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Blessed by an angel

Paul Andersen

GLENDALE -- People spend their Sundays in different ways. Some go to

church and visit family and friends; others run errands and get ready for

the week ahead. Carol Tatum has spent the last eight hours in her

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Glendale home feverishly working, with no breaks.

Her job? Music. In this case, composing new songs for her band, Angels

of Venice. The group has just returned from a tour of the Northwest,

finishing up with some local dates. They will shortly head back out, this

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time to the East Coast, all in support of their debut album for Windham

Hill Records, the self-titled “Angels of Venice.”

“I’m excited, because it’s our first trip back East to play as a

group,” she says. “We’re part of the label’s ‘Winter Solstice’ tour, with

David Arkenstone, Liz Story and Sean Harkness, and it’s going real well.

Unfortunately, space is limited on the bus, so we’re just a trio for now.

It’s just myself, Joanne Paratore on keyboards and Susan Craig-Winsburg

on flute.”

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She sighs.

“Maybe we’ll get to go out on our own with the full group.”

The Angels can grow to eight in number, but in actuality, the group is

a vehicle for Tatum’s very eclectic music. She is the only one signed to

the label, the music and arrangements are hers, and she handles all of

the production chores. But she doesn’t look at the other players as hired

musicians.

“They have input, and I wouldn’t want to work with any others,” she

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says.

In fact, the next album will feature a composition by pianist

Paratore. Tatum, who is originally from Dallas, Texas, began playing

stringed instruments at 7, and the current album features her on Celtic

harp, mandolin, Irish bouzouki, hammered dulcimer, acoustic guitar and

synth bass.

She has spent a good portion of her life studying medieval music, and

it has played a large role in her composing and arranging. Because she is

so attuned to the Renaissance period, sometimes it is difficult to tell

whether an Angels’ tune is a Tatum original or a 14th century

composition.

Her choices of songs to cover from modern tunesmiths are equally

eclectic. They include George Harrison, Mick Jagger and Yusuf Islam,

formerly known as Cat Stevens. Not exactly a medieval group of writers.

The Angels have generally been placed in the New Age music genre,

though their music has medieval, Middle Eastern, neo-classical and

contemporary influences.

“Categories aren’t necessary to feel the art,” she says with a laugh.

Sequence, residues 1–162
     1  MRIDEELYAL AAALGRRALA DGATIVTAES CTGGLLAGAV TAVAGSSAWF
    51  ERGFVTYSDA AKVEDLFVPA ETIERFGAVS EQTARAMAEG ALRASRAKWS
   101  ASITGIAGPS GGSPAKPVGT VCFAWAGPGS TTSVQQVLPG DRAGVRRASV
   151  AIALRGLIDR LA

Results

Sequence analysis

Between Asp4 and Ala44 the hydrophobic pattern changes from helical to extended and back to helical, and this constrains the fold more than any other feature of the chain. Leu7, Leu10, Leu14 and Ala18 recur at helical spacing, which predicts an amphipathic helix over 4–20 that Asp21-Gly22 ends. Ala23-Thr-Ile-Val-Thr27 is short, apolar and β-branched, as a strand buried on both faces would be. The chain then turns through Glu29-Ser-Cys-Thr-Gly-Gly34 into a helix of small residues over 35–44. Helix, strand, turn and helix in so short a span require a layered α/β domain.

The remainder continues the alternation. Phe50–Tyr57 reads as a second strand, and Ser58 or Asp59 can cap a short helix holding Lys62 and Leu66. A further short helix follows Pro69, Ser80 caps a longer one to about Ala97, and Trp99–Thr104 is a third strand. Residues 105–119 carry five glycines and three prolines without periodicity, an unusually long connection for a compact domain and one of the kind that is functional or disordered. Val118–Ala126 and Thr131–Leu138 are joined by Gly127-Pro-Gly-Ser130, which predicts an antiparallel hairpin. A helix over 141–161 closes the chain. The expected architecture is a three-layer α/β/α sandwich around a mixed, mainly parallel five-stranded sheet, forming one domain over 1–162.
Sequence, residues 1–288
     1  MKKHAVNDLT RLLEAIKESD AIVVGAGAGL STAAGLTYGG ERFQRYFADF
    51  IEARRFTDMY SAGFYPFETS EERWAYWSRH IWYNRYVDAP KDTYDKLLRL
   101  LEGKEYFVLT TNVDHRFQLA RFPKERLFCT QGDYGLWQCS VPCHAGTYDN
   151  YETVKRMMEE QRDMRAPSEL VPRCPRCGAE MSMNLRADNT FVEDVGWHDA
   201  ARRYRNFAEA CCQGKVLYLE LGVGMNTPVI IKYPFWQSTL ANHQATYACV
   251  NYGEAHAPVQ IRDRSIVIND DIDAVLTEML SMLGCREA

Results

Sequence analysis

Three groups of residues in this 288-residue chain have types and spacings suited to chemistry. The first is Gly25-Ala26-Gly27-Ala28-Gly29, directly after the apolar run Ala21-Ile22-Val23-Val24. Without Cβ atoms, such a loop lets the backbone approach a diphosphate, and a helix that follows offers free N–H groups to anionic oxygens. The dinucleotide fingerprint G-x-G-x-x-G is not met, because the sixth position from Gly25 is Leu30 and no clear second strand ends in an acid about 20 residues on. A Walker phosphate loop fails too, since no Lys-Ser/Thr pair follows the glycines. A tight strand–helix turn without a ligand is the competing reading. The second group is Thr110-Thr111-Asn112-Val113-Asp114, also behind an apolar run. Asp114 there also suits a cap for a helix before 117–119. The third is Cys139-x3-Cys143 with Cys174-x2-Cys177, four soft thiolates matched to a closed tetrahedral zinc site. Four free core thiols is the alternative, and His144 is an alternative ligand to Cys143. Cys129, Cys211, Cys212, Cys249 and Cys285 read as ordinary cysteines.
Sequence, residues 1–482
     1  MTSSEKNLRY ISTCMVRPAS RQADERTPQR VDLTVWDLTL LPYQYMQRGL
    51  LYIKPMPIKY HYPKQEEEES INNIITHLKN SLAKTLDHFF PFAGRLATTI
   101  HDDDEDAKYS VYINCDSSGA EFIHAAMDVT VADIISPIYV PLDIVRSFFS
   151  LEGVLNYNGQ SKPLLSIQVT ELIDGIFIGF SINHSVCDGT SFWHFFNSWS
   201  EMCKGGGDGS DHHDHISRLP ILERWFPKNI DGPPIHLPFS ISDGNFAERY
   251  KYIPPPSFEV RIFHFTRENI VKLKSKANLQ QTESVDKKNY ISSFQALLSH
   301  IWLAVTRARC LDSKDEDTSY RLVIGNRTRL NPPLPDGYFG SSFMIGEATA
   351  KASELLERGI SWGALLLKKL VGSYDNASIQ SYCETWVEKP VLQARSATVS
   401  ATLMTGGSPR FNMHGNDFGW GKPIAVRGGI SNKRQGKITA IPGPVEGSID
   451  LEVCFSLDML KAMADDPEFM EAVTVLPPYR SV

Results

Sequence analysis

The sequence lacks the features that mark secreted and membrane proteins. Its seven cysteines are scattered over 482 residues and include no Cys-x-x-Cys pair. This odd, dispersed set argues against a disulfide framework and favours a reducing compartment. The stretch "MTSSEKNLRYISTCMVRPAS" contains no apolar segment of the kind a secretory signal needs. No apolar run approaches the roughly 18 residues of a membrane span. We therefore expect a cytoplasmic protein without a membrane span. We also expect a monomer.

“But the record store clerk needs to point you in some direction to find

the CD!”

Her own description of the music? “Probably world.”

The path to Windham Hill plays like a Hollywood movie. After starting

in the early ‘90s playing the Venice boardwalk, Tatum and the group soon

began playing benefits and other media events, eventually recording two

independently released CDs, the first on a $250 budget.

Their name is a reflection of those days, when fans would say, “look,

it’s the angels again.”

Then one day, out of the blue, there was a phone call.

“It was Windham Hill,” says the harpist. “They said we had managed to

cut through all the submissions, and that they loved our music. They

wanted us on the label.”

The album is doing extremely well. It has spent months high on the New

Age charts, and everywhere the Angels play, the reaction is, well,

angelic.

“We’re in the widest possible market we could be in,” Tatum says.

“Children, adults, families, seniors, they all seem to like it. They all

listen with their hearts. After all, music is the universal language. I

love it when we’re playing somewhere like CityWalk, where we can really

connect with people in an intimate way. It’s nice to play the big halls,

but nothing can replace that intimacy.”

The biggest change in Tatum’s life will perhaps take place in the next

few weeks, when she completes her home studio.

“I’ve always composed on a pair of $20 tape recorders,” she says, “but

in my head I’ve always heard all 48 tracks. I just couldn’t put it down

fast enough. Now, I’ll be able to.” She laughs again.

“It’s a little scary, this unleashing of the muse, which is like

oxygen to my lungs. But at least it won’t require 48 recorders!”

THE ANGEL FILE

WHO: Angels of Venice

LATEST CD: “Angels of Venice” on Windham Hill Website:

www.angelsofvenice.com.

LIVE PERFORMANCE: Carol Tatum will perform solo harp music at CityWalk

Friday and Thursday, Dec. 30, between 6 and 9 p.m. in front of Wolfgang

Puck’s.


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